Sunday, October 31, 2010

Concurrency as Basis for Scalable Parallelism

David Barbour's Concurrency as basis for Scalable Parallelism may change the way you think about programming:

It has been observed that many 'concurrent' applications fail to scale beyond a few parallel components. In many cases, some sort of data-parallelism is feasible (e.g. parmap, SIMD, GPU) and we should certainly be able to leverage those opportunities! But I'd like to address just the concurrency aspect - the coordination of diverse systems and interests - and argue that even that is a sufficient basis for scalable parallelism, assuming we leverage it properly.

The scalability of concurrency as a basis for parallelism comes in realizing that the number of relationships in a system can rise O(N^2) with the number of components. Thus, we need to embed most significant computation into the relationships, rather than the components. ...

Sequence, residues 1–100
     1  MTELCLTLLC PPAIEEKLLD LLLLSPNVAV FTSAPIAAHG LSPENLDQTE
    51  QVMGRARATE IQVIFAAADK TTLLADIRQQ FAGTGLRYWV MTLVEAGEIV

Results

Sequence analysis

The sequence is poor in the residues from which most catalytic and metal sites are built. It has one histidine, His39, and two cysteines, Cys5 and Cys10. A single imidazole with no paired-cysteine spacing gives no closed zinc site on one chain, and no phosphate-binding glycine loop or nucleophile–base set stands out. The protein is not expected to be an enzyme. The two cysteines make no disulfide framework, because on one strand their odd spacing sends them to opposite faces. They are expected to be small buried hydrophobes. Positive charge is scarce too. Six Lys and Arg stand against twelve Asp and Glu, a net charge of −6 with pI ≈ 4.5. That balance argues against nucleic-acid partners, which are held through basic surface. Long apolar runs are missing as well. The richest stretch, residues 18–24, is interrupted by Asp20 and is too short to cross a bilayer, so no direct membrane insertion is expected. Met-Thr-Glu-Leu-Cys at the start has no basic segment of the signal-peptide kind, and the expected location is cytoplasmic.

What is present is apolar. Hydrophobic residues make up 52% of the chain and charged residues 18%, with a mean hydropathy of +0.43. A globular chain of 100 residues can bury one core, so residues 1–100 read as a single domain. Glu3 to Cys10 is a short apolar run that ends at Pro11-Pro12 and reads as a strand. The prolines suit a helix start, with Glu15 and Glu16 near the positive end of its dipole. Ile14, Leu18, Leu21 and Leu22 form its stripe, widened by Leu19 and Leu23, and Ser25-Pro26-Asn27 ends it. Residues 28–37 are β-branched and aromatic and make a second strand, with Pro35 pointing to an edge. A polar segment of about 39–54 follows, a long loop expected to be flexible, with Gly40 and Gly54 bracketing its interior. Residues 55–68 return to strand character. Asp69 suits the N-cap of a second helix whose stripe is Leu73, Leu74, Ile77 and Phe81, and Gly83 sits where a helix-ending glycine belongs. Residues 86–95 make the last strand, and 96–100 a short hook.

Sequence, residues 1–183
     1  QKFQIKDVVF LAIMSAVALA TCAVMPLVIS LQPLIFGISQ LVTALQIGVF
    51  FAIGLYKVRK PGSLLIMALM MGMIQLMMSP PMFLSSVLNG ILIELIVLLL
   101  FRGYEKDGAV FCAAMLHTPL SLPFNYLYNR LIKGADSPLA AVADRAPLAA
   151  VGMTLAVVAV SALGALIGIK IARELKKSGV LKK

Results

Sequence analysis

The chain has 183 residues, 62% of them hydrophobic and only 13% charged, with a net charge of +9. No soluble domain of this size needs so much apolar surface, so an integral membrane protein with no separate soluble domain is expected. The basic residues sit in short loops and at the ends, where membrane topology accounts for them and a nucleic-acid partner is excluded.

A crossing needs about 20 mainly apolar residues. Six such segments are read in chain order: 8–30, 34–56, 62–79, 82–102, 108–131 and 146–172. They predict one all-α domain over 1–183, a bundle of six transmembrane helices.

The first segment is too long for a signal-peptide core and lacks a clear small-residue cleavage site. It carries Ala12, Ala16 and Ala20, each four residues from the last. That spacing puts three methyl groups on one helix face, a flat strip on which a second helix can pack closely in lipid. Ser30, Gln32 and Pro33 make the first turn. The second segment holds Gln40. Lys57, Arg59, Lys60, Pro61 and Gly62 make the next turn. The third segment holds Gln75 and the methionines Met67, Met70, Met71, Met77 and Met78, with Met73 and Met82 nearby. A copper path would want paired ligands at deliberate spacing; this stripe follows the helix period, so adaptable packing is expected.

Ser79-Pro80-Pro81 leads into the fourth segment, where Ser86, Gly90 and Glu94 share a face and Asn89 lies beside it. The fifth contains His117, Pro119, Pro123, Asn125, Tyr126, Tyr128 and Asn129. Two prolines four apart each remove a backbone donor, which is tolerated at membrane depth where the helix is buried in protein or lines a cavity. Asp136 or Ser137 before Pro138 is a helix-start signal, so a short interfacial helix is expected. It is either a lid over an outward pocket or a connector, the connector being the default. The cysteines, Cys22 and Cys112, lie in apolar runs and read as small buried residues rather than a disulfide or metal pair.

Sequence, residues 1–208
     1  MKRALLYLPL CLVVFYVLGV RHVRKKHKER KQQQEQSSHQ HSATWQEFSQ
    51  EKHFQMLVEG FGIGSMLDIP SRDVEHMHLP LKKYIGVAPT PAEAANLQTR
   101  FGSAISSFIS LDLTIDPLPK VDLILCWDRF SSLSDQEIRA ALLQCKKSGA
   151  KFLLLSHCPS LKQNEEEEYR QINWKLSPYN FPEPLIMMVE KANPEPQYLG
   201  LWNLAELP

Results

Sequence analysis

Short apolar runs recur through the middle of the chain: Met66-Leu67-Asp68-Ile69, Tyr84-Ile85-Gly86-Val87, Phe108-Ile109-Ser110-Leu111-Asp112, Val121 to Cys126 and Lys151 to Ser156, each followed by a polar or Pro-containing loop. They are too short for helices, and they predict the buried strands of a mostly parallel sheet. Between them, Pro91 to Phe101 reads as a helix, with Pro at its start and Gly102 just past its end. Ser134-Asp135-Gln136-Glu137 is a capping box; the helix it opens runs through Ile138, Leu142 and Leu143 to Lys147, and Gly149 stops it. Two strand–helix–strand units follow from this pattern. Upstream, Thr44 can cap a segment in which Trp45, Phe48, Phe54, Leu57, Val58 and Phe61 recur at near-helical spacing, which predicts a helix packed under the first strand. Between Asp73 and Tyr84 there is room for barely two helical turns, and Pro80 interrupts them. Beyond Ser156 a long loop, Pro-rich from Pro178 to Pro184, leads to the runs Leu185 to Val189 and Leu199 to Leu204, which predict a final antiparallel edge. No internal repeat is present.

When most computation is moved to the relationships, the resources used by a service will scale commensurately with the number of clients it directly services - and vice versa; resources used by a client will be commensurate with the number of services it directly uses.
It changed my thinking: from "ouch, this is a lot of data to process" to "wow, lots of opportunities for concurrency, and thus parallelism".

1 comment:

Basu said...

I think the idea of thinking in terms of connections and not nodes is a very powerful one. However, I would add that one of the reasons that we seem to have so much trouble with parallelism is that we're still thinking sequential with concurrency as an afterthought, rather than the other way. I think we need to start structuring programs as concurrent processes from the ground up, with sequentiality as special case of that.